Schuerholz says he will be president when Braves debut in Cobb
by Haisten Willis
July 14, 2014 12:00 AM | 1414 views | 0 0 comments | 10 10 recommendations | email to a friend | print
Atlanta Braves President John Schuerholz speaks at the Vinings Club in June. Staff/Kelly Huff
Atlanta Braves President John Schuerholz speaks at the Vinings Club in June. Staff/Kelly Huff

SMYRNA — Atlanta Braves President John Schuerholz isn’t retiring anytime soon.

“Our chairman, (Terry) McGuirk, directed me that I’d be here until we get in the ballpark,” Schuerholz said. “And that’s my plan anyway.”

The 73-year-old gave a lunchtime speech to about 300 people at Vinings Bank in June, where he spoke of the new home of the Atlanta Braves, set to open by Cumberland Mall in 2017.

“This is a mission, a project of passion and excitement and joy for all of us with the Braves, what it means not only to our organization, but what it means to our region, what it means to our city, what it means to Cobb County, what it means to our fans,” Schuerholz said. “We’re going to be proud peacocks walking around when this beautiful facility and mixed-use development opens.”

For Schuerholz, the stadium move will also shorten his commute. Schuerholz lives in Vinings and has a daughter who teaches at Sope Creek Elementary in east Cobb.

As he’s done over the past few weeks, Schuerholz dropped new hints about the mixed-use development planned to accompany the team’s proposed $672 million stadium.

Schuerholz mentioned a bowling alley, a movie theater and an entertainment venue as part of the $400 million development. The Braves are in negotiations with two global players in the entertainment industry, Schuerholz said.

“Whichever one we decide on, we believe we will have the finest partnership, which will help us provide the entertainment function of that mixed-use development when there are not baseball games being played during the off season,” he said. “It will be a 365-days-a-year facility, and entertainment could be available through most of those days.”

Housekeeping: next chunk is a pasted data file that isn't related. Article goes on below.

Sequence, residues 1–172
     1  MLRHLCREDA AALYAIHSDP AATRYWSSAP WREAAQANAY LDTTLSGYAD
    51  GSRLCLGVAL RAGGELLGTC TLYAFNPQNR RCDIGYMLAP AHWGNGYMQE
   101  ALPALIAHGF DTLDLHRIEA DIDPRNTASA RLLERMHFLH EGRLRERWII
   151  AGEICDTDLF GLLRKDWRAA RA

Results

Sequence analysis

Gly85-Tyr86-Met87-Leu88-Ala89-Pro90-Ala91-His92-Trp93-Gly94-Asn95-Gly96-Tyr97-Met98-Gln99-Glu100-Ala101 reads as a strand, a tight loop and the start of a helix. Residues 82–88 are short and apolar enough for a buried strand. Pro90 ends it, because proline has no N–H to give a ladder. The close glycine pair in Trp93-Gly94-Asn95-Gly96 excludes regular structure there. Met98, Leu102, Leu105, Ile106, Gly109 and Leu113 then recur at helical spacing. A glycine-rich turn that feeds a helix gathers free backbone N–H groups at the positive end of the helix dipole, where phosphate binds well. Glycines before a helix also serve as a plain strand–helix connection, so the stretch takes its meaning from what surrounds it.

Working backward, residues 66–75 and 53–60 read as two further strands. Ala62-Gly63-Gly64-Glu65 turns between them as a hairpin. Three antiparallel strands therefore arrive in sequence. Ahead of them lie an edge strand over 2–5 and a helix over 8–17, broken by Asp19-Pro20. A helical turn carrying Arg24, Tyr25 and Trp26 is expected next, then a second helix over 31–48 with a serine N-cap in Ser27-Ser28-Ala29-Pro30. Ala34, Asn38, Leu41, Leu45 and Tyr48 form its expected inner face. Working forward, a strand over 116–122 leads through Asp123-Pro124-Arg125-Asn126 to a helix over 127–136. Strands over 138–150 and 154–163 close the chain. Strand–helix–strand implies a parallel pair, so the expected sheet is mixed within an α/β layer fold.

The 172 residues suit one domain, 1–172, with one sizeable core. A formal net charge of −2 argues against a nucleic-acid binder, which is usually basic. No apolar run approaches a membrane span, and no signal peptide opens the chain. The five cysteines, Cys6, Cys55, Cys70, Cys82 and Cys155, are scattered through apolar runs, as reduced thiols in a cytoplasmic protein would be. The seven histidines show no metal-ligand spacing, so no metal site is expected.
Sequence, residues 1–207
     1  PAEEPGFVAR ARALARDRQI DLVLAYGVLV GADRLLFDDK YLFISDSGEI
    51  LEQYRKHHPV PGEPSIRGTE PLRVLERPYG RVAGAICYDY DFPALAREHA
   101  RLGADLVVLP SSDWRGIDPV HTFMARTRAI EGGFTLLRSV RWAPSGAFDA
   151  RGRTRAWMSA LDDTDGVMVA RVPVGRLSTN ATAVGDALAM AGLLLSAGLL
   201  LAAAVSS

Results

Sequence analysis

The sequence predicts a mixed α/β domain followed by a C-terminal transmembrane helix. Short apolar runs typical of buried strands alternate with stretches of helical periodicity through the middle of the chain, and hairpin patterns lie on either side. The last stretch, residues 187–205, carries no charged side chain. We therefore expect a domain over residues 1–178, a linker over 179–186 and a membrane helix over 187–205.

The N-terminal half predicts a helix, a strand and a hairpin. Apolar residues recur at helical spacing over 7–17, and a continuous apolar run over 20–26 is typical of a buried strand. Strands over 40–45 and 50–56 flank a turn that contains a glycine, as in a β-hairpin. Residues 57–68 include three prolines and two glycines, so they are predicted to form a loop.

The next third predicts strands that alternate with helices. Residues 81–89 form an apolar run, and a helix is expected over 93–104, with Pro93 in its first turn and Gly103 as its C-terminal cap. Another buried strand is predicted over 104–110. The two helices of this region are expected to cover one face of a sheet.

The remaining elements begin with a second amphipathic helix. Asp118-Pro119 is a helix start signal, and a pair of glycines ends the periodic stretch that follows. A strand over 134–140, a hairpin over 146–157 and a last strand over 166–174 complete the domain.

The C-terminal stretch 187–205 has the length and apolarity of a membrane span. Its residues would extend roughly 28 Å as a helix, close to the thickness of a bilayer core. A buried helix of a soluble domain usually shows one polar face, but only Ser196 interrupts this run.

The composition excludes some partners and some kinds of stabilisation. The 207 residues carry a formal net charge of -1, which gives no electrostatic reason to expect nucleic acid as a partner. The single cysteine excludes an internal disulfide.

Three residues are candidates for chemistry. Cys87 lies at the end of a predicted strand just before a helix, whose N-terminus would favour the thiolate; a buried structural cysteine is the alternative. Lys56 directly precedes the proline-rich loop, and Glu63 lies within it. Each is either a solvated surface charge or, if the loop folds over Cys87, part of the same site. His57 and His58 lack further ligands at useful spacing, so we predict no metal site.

Both entertainment companies own their own front line acts that travel the country, he said.

“They are entertainment providers. Singing. Stage acts. Entertainment that you go to Chastain Park to see or you go to Philips Arena to see. Now, you’ll come to our yet unnamed region and mixed-use development and watch acts.”

Schuerholz said the acts would be similar to those offered at the Cobb Energy Performing Arts Centre.

“It is very much like that. Different tenor. Different style, but those kind of quality acts,” he said.

He also mentioned a water feature in the mixed-use development he promised will be a unique aspect of the park. Schuerholz reiterated both the stadium and mixed-use development will open at the same time in April 2017.

In an interview with the Marietta Daily Journal, Schuerholz predicted the team will have no trouble if any lawsuits arise challenging the stadium. He referenced how a Fulton County Superior Court judge last month dismissed a lawsuit challenging the bonds for the new Atlanta Falcons stadium.

“That particular judge called them frivolous lawsuits,” Schuerholz said. “You have to expect these things to take place as a matter of course in projects of this nature and this magnitude, and those that have gotten as much attention as this one has,” he said. “We won’t be surprised if there’s a challenge, and we certainly won’t be surprised if the bond validation is upheld.”

Schuerholz became general manager of the Braves in 1990 and held the position until 2007, when he was named team president. During the time he managed the team, the Braves had the best overall record in all of Major League Baseball.

He also said the new stadium might not have happened if the public learned about it too early.

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